Speaking of LGBTQ representation in comics, remember when we introduced our contributing columnist C.D. Kirven and mentioned that she will soon release her comic book, The TAO Diaries? She was recently interviewed by ComicAttack.net, a cool site that provides comic previews, reviews and more. So cool! The interview explores the historical exclusion of queer characters in comics and current trends concerning LGBTQ comic characters. Super interesting fact that I did not know: “Homosexuality was banned in mainstream US comics by the Comics Code Authority (CCA) until 1989 (ComicAttack.net)”. C.D. analyzes in depth how LGBTQ characters are portrayed in comics and discusses the negative social perceptions and problems that arise from the exclusion of queer characters. Check out ComicAttack.net’s interview with C.D. here!
This is all very inspiring; I’m going to have to start reading more comics!
C.D. Kirven is a lesbian activist based out of Dallas, Texas who is definitely not standing still in the face of inequality. She is an astonishingly prolific artist and is in fact a writer, film maker, photographer, and digital artist all rolled into one. Even more exciting, she has offered to guest write for us at genderpanic and will be contributing editorials about current trends in news and politics!
It’s actually a bit hard to choose what work of C.D.’s to mention first. Notably, she will soon release The TAO Diaries, the first comic book with a black lesbian protagonist. This isn’t her first venture into writing, as she has already published a coming of age novel What Goes Around Comes Back Around, which was nominated for a Lambda Literary award. She is especially active in combating racism and same-sex domestic violence and is the co-founder of the Texas nonprofit Get Equal Now, whose focus is on empowering the local queer community. Through this organization, she has organized events such as …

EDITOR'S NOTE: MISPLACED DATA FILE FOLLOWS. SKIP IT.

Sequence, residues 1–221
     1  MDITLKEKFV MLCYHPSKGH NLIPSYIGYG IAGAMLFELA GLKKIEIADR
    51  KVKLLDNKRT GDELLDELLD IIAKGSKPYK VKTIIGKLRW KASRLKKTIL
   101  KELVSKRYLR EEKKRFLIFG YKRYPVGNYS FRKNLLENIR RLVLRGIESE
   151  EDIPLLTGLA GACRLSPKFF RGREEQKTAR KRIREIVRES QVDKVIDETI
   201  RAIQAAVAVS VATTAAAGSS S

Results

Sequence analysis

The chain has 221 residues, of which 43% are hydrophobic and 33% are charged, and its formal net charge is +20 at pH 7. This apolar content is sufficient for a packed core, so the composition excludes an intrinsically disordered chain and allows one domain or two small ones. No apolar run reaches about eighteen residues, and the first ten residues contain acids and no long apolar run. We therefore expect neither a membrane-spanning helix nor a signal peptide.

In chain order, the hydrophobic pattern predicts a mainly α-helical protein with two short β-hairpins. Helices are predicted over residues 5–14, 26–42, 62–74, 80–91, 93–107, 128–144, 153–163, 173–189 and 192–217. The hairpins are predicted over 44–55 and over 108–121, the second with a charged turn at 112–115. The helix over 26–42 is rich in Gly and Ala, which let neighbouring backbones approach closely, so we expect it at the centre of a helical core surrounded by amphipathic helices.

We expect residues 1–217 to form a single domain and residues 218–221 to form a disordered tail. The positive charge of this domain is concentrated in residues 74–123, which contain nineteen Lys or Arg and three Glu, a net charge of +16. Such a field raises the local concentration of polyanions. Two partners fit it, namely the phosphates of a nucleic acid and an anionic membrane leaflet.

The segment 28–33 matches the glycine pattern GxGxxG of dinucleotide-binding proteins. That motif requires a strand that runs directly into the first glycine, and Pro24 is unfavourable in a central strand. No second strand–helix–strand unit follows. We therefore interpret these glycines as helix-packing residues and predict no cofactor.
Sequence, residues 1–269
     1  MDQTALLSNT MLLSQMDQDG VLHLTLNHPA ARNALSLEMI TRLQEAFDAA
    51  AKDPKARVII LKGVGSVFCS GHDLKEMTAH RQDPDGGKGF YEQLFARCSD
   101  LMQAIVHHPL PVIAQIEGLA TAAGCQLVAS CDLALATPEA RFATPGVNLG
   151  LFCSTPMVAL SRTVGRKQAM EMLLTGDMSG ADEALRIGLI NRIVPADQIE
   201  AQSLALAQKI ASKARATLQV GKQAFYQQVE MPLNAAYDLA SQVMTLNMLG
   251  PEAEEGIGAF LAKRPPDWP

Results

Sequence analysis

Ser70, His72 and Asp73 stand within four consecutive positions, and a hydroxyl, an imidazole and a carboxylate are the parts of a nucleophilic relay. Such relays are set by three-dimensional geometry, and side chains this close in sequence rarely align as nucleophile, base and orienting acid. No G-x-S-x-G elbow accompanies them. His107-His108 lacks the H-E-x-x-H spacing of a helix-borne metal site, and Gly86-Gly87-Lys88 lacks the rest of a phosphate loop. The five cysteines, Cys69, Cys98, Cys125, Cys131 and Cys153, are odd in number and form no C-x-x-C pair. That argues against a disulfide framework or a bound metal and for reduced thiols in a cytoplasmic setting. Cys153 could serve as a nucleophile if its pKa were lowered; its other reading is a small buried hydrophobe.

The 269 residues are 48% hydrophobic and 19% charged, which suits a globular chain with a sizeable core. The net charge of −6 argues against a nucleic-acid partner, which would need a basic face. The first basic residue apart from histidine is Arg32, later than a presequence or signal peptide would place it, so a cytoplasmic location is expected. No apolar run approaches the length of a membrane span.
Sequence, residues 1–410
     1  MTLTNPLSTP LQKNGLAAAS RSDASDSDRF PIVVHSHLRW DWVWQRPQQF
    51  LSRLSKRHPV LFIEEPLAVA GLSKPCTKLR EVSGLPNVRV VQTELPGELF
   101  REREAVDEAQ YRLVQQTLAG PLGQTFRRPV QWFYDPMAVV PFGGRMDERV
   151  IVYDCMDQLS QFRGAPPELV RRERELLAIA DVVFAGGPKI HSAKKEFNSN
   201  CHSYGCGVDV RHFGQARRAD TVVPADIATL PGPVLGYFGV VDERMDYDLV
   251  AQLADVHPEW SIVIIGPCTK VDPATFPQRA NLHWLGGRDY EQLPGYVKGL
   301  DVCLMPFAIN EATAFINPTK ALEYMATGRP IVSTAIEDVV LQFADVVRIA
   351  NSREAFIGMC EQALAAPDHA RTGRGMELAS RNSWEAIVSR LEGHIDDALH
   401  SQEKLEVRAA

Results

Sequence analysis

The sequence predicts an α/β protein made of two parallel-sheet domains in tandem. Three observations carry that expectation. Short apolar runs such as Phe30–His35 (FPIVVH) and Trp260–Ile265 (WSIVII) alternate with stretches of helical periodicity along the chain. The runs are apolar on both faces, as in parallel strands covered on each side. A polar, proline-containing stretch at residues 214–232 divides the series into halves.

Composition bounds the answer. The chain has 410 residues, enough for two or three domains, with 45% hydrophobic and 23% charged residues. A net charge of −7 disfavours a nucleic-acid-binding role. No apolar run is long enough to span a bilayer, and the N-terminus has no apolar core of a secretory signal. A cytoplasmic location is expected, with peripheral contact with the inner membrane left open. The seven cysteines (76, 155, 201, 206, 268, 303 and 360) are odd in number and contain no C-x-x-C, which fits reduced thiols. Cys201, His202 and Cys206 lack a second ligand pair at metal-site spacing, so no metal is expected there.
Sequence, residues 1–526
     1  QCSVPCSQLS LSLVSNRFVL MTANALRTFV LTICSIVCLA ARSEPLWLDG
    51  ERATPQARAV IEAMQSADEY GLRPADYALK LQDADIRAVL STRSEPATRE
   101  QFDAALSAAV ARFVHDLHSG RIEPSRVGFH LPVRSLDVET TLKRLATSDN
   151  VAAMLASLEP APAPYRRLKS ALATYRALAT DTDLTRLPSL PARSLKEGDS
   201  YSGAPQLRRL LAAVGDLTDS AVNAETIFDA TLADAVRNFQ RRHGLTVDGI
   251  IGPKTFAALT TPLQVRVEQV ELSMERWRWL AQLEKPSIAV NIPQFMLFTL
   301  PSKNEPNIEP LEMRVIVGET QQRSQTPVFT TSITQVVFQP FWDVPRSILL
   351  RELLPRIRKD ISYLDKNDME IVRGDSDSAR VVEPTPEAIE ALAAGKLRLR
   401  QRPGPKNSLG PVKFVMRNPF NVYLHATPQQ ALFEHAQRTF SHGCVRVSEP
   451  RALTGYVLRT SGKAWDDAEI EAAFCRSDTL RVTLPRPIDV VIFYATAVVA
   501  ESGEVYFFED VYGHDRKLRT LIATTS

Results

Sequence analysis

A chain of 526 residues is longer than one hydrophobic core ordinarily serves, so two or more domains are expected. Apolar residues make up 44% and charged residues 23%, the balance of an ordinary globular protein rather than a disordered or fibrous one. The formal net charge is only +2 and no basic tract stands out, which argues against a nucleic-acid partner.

Katy Perry is a player that I love to hate. I initially researched her for a gender studies paper about lesbians in the music industry and learned a variety of strange Katy Perry trivia. I haven’t thought much about her since then, until I saw the amazing video of this year’s AIDS/LifeCycle participants remaking Perry’s hit “California Gurls.”
This video is utterly fantastic, but reminded me of what irks me most about Perry – that she has made a fortune for herself mocking the very subculture that she exploits. I’m not usually interested in the lives of artists outside of their music, and I am definitely not of the opinion that one has to identify as queer in order to care about/be involved in LGBTQ issues, but Perry’s sheer hypocrisy just rubs me the wrong way. Perry is very open about the fact that she has never actually engaged in any type of queer sexual behavior, clarifying in a hilarious interview with The New Gay that her …
Wow, it’s been a little while. I’m really not sure where the time goes… But the fact that it’s November is just surreal. In any case, I thought I’d take this time to post a quick update about a few things. We are just a few days past the anniversary of the election of Barrack Obama, the United States’ first African American president. Obama ran on a campaign of “hope”, with a view to a new future for a struggling America. I’m sure we all remember how he openly courted the LGBTQ vote with promises of change.
One year later, what has changed for the LGBTQ population? On the same day that Obama won the election, residents of California voted on Proposition 8, a heavily religiously funded campaign to strip away the rights of lesbian and gay people to marry. Running on the old fallback campaign of “protecting the sanctity of marriage”, the measure passed. It left a bitter aftertaste in the mouths of many who had, only hours before, been filled with hope when Obama’s win was officially announced.